5 Old Rules of Business Success That Have Changed for 2015

Reach beyond the confines of self-satisfaction, and in to a purpose that stretches far beyond yourself. Lets redefine what it means to be a success in business.
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There's never a time quite like the start of a new year. Your ideas to start or grow a business, that were once merely day dreams, are now pumped full of optimism and drive. It truly is an exciting time.

However, I can't help but feel that many businesses are started for the wrong reasons. Of course, we are all guilty of envisioning yachts, Ferraris, and mega-mansions, but I challenge all of you, myself included, to reach beyond that in 2015; reach beyond the confines of self-satisfaction, and in to a purpose that stretches far beyond yourself. Lets redefine what it means to be a success in business.

With that said, here are 5 new rules of business success that we should all focus more effort on.

1. Old Rule: Quickly come out with cheap and easy products that take little effort.

New Rule: Only come out with the most valuable products and services. Gone are the days of quickly coming out with a cheap product or service, just because your margins are high. People are desperate for things that make them feel something; things that solve their real world problems, things that will add value to their daily lives. The consumer is getting smarter and smarter year after year, and it's just not acceptable to put a half-effort in and expect to be successful. Change the tide and only create things that are remarkable.

2. Old Rule: When the sale is done, move on to the next.

New Rule: Always continue to find ways to add value to existing customers. As a consultant, it has always baffled me that modern businesses still operate in this fashion. I've gone in to too many businesses watching them ignore customers that have previously bought from them because they are too focused on finding new ones. This has been said a million times: your best customers are your existing ones. Spend more of your time looking for new ways to service your existing base. Treat them like royalty. If you make each and every one of them feel as if they are a Hollywood A-Lister, you will never run out of business.

3. Old Rule: Never reveal your best info, keep everything a secret unless they pay

New Rule: Give away your best info for free. In the new age of business, it's all about trust. With advertisements bombarding us everywhere from TV to Facebook, and with so many scam artists out for our money, the trust factor between businesses and customers has never been smaller. So how do we combat this lack of trust? Prove to them you have value. Give away your best ideas for free. In the past, people would think this was professional suicide, but in today's world, a willingness to help people for free shows that you have even more value to offer them as a customer. They want to help you for helping them. Make the law of reciprocation work in your favor.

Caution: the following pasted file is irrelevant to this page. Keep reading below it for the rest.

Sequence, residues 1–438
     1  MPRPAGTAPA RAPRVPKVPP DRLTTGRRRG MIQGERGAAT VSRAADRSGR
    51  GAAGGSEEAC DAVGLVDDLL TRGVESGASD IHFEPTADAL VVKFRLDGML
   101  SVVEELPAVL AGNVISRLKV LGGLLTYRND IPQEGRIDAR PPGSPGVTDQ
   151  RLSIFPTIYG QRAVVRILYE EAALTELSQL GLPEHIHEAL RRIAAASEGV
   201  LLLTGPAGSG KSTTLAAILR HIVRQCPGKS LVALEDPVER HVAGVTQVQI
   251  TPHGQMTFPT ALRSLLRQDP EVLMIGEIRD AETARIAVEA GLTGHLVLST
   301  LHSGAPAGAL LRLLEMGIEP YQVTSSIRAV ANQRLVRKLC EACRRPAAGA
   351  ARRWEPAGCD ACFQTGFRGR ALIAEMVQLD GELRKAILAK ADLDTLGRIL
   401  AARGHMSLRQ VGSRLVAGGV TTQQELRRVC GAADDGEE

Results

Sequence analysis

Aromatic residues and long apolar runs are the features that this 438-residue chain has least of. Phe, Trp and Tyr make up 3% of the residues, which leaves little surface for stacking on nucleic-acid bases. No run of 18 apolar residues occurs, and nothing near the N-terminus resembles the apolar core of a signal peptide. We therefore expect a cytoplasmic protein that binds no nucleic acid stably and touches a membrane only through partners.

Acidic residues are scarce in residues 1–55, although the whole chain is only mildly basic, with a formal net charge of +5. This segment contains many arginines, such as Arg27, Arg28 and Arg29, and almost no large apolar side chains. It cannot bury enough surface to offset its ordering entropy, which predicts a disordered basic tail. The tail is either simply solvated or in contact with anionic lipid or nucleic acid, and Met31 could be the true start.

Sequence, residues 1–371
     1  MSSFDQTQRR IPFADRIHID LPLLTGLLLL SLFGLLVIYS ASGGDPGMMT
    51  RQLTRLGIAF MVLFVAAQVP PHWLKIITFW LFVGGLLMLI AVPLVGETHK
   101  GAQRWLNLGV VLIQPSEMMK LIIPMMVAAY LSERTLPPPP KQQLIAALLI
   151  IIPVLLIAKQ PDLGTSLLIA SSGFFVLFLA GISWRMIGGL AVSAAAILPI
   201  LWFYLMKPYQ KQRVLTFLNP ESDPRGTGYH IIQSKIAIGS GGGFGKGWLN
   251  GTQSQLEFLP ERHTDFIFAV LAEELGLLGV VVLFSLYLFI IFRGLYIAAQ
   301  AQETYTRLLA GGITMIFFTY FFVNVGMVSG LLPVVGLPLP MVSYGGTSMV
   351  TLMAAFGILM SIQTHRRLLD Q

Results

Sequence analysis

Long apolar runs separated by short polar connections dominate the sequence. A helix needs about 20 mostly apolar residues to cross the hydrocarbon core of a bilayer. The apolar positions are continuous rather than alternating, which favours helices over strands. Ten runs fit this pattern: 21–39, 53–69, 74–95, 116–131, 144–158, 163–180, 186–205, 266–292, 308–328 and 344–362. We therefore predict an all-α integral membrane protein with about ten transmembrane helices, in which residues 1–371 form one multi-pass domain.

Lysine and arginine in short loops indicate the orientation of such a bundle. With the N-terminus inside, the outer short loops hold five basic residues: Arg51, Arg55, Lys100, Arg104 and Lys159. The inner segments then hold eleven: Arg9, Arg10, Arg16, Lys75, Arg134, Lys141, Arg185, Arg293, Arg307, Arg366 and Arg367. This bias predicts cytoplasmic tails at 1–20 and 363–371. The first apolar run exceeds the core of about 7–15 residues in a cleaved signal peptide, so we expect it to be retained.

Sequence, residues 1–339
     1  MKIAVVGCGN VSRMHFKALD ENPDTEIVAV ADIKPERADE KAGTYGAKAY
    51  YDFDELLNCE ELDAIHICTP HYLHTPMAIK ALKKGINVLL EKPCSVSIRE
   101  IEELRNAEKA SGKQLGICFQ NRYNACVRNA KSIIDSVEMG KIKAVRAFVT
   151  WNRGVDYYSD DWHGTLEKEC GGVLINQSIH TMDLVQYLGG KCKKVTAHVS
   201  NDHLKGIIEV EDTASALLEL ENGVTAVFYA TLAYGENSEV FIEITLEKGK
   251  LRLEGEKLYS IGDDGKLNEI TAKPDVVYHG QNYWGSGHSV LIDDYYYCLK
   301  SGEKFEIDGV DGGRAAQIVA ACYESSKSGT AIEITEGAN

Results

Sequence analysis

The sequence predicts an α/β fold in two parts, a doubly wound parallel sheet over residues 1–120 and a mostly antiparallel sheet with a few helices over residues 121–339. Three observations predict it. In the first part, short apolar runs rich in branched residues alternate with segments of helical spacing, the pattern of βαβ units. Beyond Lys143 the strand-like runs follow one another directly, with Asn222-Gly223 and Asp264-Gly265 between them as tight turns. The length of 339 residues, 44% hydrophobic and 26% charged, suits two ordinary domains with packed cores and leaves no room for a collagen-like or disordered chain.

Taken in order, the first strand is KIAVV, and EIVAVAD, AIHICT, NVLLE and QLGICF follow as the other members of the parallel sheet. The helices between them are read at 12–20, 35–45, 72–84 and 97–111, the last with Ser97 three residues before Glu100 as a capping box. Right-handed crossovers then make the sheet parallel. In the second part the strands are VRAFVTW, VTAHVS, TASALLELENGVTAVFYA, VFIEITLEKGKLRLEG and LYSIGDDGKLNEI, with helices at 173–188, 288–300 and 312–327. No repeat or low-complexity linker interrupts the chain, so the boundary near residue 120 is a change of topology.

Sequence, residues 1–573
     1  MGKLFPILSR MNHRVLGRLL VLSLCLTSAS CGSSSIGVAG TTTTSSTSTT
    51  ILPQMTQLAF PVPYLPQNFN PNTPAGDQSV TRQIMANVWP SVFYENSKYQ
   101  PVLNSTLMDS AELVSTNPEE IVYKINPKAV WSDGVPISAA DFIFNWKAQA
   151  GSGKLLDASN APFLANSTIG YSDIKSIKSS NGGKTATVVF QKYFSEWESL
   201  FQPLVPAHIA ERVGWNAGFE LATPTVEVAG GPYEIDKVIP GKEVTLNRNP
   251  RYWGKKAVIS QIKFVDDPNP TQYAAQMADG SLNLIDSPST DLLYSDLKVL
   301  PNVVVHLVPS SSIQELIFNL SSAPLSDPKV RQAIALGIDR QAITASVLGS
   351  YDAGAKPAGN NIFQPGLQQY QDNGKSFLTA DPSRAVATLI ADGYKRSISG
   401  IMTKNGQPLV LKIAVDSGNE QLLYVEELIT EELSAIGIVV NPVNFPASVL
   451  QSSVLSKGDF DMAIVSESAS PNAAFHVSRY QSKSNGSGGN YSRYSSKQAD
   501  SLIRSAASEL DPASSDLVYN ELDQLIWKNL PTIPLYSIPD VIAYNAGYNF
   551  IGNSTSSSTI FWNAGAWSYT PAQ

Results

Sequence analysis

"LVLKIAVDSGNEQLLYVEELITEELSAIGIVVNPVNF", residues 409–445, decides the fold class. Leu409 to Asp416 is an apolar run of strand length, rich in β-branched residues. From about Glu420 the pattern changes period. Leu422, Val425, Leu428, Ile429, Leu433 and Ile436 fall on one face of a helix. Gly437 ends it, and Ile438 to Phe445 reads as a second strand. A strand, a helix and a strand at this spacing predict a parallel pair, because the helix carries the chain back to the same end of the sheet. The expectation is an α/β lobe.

4. Old Rule: As a business owner, your employees are there to follow your orders.

New Rule: Give your employees level playing ground and freedom to collaborate on ideas. I highly encourage businesses, big and small, to follow in the footsteps of companies like Google when it comes to employee work habits. These companies revolutionize the way employees conduct themselves in the workplace. Take the fast growing supplement company Onnit for example; employees have complete freedom over when they take breaks. They can get up and go shoot hoops at the basketball court for as long as they want, so long as they are getting their work done. Every employee, from secretary to executive, has an equal say in ideas and projects to implement to grow the company. That's the kind of trust that gets you long term, loyal employees. And it's no wonder that these are the same companies that always lead the pack in innovation as well.

5. Old Rule: The goal of business is to grow everything; more products, more employees, more offices, more, more, MORE!

New Rule: Figure out how to keep your business as simple as possible while maximizing profits. It's well known that there is one thing more valuable than money and it's something you can't earn more of, and that's time. Time is the supreme currency. So don't fall into the trap that more is better in business, because there are many times it's not. It might be appealing to open a third, fourth, fifth, or sixth office, or add 20 more products to your lineup. But remember that adding more real estate and more product equals more employees, more managing, and more time spent on these new things. So I encourage you to participate in an exercise. When you feel the need to add more things, whether new locations, products, or anything for that matter, think about the time you will have to invest to run those things, and how much you will add to your income in return. Also, think about why you want that added income in the first place. You'll find that often times, the extra cash just isn't worth the extra time and stress.

What are you going to start or implement in your business this year that has you most excited?

Jeremy Sandow is a marketing and sales coach that teaches businesses of all sizes how to go from struggling, to successful and prosperous. Visit him at www.jeremysandow.com or follow him on social media @jeremy_sandow